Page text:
On the farm with Quality Meat Scotland: Edinvale Farm, Moray Fifth

The  Staff Canteen

The Staff Canteen

Editor 18th June 2015
The Staff Canteen caught up with the owner of Edinvale Farm Jock Gibson to find out about breeds of cattle, how meat can be matured and what chefs should consider when selecting certain cuts of beef. C027_CLOSE low resJock has been running the butchers and game dealer Macbeth’s since 2006. The shop is situated on Edinvale Farm, which is located between 500 and 800 feet above the Moray Fifth in the Highlands of Scotland. The farm is home to between 150 and 200 cattle of various breeds. Jock’s parents founded the farm in the mid 1970s and Jock explained they took rent of another farm during the early 1980s to build up the herd. He said: “We introduced Shorthorn cattle and Aberdeen Angus cattle into the mix.” He added: “The shop was established after the farm, in the mid-80s, and now includes a wholesale and food service element and a mail order service.” Edinvale farm is on a hill and Jock is keen to ensure the animals are compatible with the land. He said: “We need to match breeds to the ground and grounds to the breeds.” The farm breeds Highland, Shorthorn and Aberdeen Angus cattle. Jock explained that the Highland cattle work well on indifferent ground but take a long time to mature and the meat to bone ratio is not always what the customer is after. Jock said: “It has a very skinny bum so when you’re looking at rump steaks and joints around that area they’re not always what a customer might want. “That’s why we introduced the Shorthorn, which is known as ‘the great improver’. It fills out the shoulder and the rump end and gives a slightly better fat level so we get a better shaped carcass.” He added: “The Aberdeen Angus was introduced partly because we inherited an Aberdeen Angus herd and partly because it matures slightly faster.”C086_CLOSE low res Jock explained that the cattle are killed at various ages depending on the breed. The Aberdeen Angus crosses are killed at about 24 months. Whereas, the Highland shorthorn crosses are killed after 28 or 29 months because they take slightly longer to mature. But Pure Highland cattle are not killed until they are between 36 and 38 months. Jock said: “We are looking at two years minimum to get an animal to maturity.” Jock and his team dry-age all of their meat on the bone. Jock explained that the method does produce a lot of waste, which means it is an expensive procedure but he believes it enhances the maturation process. He said: “If you wet mature it then you don’t get the same level of waste but you don’t get the same level of maturation process either.” The farm hangs the cuts of meat for a minimum of three weeks and the prime cuts are often hung for almost four. “It’s a taste thing; it’s a tenderness thing,” Jock explained. “The hanging period helps to break down the cell structure that holds the meat together, which gives you a more tender eating experience and helps to enhance the flavour.” Despite acknowledging the importance of hanging the meat, Jock believes there is little difference in a steak that is hung for 21 days compared to a steak that is only hung for 28. Jock said: “I don’t think the extra cost of hanging it for a further week is worth it. It becomes a marketing ploy.” Jock added: “If you’re going to hang it for longer you go much further: you hang it for six or ten weeks.” One of the main issues that Jock and his team face is the utilization of the carcass. The farm tries to find a use for all of the cuts of meat but this is difficult. Jock explained: “As an industry it’s challenging and as an individual business it’s almost impossible.” C060_CLOSE low resKilling cattle solely for the demand of fillet steaks results in a large by-product so Jock has to find a market for all of the other parts of the cow. He explained: “Things like the sirloin, the rib-eye and rump you’ll find a home for with no problems. But, you’re still only counting for maybe a fifth of the animal.” Jock explained that the shoulders are often sold for mince, stew or good quality burgers. The top beef can be sold as roasting cuts and flanks can be sold for sausages and catering burgers. The utilization of the carcass is obviously very important for farmers and butchers but do chefs understand its significance? “I don’t think chefs understand it or necessarily want to understand it. They want fillet, for example, and they want to make sure that they get the best fillet at the best possible price. That’s perfectly understandable but there is a whole mechanism that has to go on behind that for it to happen.” Most farmers across the UK rear their cattle in compliance with farm assurance schemes, which ensure high standards of animal welfare. Scotland was at the forefront of Quality Assurance and pioneered its introduction way back in 1990. Now, 25 years on, over 90% of Scotland’s breeding cattle population are assured from birth and the meat produced from them is processed through a fully integrated chain of assurances which are your guarantee of quality and origin.Rib Roast low res Animal health is a key concern at Edinvale Farm. Jock and his team not only maintain animal health for moral reasons but also to help them produce good quality meat. Jock explained: “Animal health is key to making sure that you have the best product quality at the minimal cost of producing that meat.” Jock added: “You are what you eat. We eat our products and we want to be eating the best product that we can. You’re not going to be healthy if you’re not eating a healthy product.” By Abbie Cattano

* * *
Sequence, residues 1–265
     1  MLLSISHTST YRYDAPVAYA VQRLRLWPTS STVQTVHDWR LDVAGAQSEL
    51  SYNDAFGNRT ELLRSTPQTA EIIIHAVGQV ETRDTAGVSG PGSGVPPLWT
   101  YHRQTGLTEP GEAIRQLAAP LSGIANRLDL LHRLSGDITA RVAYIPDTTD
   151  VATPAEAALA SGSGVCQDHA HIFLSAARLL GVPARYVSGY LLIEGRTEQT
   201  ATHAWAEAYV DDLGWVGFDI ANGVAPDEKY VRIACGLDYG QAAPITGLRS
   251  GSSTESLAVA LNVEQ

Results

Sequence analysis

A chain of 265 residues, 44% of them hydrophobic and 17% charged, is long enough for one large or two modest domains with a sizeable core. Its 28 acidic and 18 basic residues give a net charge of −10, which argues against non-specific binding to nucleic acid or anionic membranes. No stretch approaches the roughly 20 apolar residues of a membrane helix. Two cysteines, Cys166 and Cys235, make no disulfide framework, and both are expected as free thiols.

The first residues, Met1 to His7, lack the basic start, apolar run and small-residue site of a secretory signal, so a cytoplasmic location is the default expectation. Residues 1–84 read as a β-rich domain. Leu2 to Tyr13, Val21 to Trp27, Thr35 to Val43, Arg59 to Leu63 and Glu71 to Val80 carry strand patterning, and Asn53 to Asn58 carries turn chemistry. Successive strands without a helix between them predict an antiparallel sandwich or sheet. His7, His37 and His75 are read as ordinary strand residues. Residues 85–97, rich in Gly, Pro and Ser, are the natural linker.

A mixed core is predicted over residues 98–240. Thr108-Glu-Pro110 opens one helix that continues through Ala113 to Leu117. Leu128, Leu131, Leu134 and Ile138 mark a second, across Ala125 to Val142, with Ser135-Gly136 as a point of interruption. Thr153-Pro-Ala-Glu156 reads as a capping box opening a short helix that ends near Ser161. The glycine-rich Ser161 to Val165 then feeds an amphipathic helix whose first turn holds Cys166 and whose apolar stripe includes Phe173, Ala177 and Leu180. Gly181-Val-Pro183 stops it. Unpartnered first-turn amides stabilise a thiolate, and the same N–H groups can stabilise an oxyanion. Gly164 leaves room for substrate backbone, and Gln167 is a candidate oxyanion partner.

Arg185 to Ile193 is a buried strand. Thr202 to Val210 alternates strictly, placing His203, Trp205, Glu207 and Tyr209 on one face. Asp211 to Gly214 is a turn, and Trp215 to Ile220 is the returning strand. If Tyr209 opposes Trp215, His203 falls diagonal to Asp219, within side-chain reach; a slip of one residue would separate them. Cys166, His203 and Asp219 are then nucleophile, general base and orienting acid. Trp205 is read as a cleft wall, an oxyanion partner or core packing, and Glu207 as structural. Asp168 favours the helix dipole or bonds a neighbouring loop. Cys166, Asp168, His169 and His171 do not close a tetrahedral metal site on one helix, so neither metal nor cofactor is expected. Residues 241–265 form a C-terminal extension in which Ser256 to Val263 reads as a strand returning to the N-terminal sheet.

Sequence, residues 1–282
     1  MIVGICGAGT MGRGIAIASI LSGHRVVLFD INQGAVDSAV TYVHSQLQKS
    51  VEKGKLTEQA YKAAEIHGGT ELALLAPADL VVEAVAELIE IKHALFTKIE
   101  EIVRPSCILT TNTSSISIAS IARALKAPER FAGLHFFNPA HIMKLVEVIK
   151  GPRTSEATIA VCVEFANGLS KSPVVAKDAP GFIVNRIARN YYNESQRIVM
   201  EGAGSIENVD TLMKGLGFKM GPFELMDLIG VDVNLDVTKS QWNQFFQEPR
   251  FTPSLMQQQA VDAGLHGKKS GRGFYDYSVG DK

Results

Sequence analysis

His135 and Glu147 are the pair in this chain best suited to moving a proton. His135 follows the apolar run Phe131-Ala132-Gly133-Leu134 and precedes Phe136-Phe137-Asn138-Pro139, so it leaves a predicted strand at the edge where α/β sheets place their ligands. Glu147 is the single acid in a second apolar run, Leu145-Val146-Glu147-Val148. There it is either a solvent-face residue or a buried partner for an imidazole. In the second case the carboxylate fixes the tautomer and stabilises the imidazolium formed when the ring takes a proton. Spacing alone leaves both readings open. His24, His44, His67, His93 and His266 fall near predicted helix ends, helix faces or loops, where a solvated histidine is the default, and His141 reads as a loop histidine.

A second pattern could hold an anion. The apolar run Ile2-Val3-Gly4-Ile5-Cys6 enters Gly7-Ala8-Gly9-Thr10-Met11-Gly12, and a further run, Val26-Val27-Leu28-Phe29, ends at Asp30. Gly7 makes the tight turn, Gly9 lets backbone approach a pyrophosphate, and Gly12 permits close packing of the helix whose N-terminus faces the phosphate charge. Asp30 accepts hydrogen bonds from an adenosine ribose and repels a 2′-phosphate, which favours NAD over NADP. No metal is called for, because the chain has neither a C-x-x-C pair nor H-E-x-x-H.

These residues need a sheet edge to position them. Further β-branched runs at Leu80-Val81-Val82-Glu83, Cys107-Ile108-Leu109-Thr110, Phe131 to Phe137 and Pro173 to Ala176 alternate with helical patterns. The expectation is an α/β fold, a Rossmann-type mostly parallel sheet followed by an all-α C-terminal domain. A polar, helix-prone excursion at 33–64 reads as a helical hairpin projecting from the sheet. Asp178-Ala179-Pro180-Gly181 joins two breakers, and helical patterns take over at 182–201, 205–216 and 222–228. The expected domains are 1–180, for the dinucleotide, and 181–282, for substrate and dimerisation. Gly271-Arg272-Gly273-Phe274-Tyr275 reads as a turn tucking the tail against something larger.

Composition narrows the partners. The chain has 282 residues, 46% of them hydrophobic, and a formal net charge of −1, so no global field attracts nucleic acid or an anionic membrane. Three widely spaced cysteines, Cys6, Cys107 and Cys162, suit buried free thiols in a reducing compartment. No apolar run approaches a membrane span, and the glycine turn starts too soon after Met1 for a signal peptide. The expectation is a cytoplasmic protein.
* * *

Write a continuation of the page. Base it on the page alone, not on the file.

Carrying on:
Watch as Michelin star chef Martin Wishart prepares and cooks shin of Scotch Beef with wild mushroom ravioli:

The  Staff Canteen

The Staff Canteen

Editor 18th June 2015

On the farm with Quality Meat Scotland: Edinvale Farm, Moray Fifth